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In the same way aging is a part of life, so is keeping up your health. Whether your regular doctor has retired, you’ve moved to a new area, or you need additional doctors to treat specific conditions, there are some helpful questions to pose to a new doctor as a senior citizen. Read on to find out how to evaluate your new physician.
“What is your professional background?”
It’s never a bad idea to get a sense of how your doctor ended up where they are. Ask them up about their college years and what drew them to medicine. Find out if they’re board certified or their opinion on the doctor-patient relationship. In addition to inquiring about their educational background, you can find out more about their areas of specialty. You may find a sense of comfort knowing that your current physician spent time working in the ER.
“How will this fit into my current care plans?”
If this new doctor is a specialist, it’s important to understand how their treatment will integrate with the care you currently receive. Will you still see your primary care doctor, or are they taking over? Do they communicate or confer with your other doctors? Are there any interactions – either from medications or treatments – that you should be aware of? They’ve undoubtedly been briefed on your care up to this point, so don’t hesitate to ask they provide a clearer picture of how their care will impact your day-to-day life.
“Am I on the right medications?”
When we think of doctors prescribing medications, we generally imagine these decisions as infallible. However, mistakes do happen. According to studies, preventable medication errors affect 7 million patients each year. Even if a prescription doesn’t lead to adverse effects, there may be better options that exist for a specific condition or set of illnesses. It never hurts to ask
for a second opinion, especially when your health and healthcare are changing.
“What are your office policies?”
No one likes waiting around at the doctor’s office. These delays are not only irritating, but they can cause serious concerns about the physician’s dedication or attention. A new study found that 1 out 5 patients have switched doctors due to long wait times, and the same research showed that 30% of patients have actually physically left an appointment after being stuck in the waiting or exam room. It’s helpful to understand the setup of a new doctor’s office. Some specific questions to ask are:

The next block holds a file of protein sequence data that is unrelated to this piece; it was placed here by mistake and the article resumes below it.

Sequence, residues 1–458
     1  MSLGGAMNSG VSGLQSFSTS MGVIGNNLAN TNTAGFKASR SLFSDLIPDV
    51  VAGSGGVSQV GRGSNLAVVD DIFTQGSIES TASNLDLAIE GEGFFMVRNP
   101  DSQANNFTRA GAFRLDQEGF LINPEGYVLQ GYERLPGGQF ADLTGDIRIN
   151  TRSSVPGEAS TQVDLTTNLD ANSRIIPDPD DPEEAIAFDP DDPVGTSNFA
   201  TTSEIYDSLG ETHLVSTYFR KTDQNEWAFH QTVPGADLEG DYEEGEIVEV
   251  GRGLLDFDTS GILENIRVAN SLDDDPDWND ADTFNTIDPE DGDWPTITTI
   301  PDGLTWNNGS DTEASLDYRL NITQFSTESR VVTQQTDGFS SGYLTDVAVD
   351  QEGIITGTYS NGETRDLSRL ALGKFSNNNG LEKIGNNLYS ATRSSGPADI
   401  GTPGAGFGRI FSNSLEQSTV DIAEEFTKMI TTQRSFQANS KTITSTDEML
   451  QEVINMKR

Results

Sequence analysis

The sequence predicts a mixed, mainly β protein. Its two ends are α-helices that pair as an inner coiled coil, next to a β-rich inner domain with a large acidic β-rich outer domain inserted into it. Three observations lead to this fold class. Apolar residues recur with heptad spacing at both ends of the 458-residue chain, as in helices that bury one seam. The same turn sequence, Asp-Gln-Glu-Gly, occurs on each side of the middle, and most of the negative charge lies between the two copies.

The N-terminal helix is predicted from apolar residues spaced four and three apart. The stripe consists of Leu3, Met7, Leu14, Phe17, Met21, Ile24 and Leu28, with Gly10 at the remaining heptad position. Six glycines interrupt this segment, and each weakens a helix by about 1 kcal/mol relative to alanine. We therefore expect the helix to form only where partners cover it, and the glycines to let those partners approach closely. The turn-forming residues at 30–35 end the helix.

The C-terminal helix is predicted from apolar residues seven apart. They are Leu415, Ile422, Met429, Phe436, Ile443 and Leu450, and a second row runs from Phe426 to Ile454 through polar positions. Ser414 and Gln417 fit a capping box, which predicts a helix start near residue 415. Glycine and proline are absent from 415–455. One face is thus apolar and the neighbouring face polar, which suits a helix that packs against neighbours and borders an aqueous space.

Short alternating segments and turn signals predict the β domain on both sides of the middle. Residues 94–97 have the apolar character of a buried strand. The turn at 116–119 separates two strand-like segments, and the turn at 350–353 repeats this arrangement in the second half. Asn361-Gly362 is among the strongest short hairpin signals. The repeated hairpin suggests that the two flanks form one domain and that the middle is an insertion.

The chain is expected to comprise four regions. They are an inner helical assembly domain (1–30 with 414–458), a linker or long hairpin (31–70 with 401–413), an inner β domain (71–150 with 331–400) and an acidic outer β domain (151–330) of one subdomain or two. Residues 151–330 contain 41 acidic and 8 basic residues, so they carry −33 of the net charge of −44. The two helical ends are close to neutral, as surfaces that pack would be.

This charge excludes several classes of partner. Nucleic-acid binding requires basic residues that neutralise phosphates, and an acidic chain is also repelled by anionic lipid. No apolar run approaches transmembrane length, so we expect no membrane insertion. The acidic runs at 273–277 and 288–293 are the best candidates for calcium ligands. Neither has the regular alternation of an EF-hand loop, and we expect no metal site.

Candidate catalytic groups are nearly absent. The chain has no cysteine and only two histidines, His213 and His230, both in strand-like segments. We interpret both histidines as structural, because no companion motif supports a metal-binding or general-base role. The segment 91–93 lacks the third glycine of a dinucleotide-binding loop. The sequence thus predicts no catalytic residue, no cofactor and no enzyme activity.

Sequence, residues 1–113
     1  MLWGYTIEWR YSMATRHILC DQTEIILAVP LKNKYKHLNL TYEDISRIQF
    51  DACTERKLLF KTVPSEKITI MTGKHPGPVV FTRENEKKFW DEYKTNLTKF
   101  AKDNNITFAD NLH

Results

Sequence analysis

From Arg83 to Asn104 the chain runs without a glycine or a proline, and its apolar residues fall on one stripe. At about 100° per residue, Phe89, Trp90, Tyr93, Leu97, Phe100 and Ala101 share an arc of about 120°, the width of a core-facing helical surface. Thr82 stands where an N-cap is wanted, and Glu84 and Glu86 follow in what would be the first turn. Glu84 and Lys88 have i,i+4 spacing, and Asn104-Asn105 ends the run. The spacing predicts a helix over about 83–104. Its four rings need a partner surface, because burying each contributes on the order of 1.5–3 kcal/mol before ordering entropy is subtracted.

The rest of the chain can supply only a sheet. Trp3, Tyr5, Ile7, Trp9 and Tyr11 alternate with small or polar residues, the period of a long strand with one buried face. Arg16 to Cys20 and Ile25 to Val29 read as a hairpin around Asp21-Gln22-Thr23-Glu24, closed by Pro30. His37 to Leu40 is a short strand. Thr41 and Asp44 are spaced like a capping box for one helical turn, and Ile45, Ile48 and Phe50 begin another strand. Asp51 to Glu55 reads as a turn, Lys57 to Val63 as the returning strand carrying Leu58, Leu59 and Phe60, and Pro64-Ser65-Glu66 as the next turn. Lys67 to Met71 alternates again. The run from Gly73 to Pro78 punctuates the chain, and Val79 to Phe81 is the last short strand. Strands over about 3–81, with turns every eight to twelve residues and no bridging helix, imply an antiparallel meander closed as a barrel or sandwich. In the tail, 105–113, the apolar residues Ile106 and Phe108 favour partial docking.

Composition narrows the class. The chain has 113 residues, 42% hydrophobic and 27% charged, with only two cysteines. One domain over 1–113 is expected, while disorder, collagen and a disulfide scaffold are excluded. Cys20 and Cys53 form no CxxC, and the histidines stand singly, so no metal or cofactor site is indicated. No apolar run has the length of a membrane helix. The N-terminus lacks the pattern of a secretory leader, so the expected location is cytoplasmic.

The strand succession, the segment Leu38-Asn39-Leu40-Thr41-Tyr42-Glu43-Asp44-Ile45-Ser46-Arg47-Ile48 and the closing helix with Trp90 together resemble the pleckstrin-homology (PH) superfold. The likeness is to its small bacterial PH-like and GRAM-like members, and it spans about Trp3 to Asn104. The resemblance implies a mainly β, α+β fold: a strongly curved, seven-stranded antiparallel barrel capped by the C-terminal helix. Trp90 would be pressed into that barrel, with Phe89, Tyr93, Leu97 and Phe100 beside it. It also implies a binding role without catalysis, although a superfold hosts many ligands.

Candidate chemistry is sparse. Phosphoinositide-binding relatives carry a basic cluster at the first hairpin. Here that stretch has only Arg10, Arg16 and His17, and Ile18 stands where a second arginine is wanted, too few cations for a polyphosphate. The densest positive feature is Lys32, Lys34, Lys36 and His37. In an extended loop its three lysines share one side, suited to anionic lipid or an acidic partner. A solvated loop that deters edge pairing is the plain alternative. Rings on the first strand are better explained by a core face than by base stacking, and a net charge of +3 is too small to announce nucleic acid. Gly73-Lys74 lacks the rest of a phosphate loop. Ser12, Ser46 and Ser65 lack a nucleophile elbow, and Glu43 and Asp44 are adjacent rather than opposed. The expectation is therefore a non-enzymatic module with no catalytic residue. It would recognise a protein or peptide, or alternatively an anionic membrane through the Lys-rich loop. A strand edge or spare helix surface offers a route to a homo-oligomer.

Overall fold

- Is this a group practice or will you be seeing the same doctor each time?
- What about if you can’t get in touch with the doctor?
- How will you be notified if there’s a change in appointment?
- What are your hours?
- Do you perform house calls?
All these questions will help to set a reasonable expectation for your visits.
In younger years, heading to the doctor was usually reserved for being sick. But as we grow into those all-important golden years, healthcare becomes not a luxury but a necessity. If you’re preparing to see a new doctor or begin a search for a better one, keeping these five questions handy can be helpful in making sure you find the best care possible.
Case Study: Dave and Joyce bought life insurance when they were younger to protect their childrens’ futures. Joyce lost her battle with cancer last year and the kids are all grown. Dave no longer needs his coverage. Dave’s investment advisor told him he could sell his unwanted life insurance policy for an immediate cash payment. Dave sold his life insurance policy and used the proceeds to pay off medical bills and check off a few boxes on his bucket list.
Life Settlement Advisors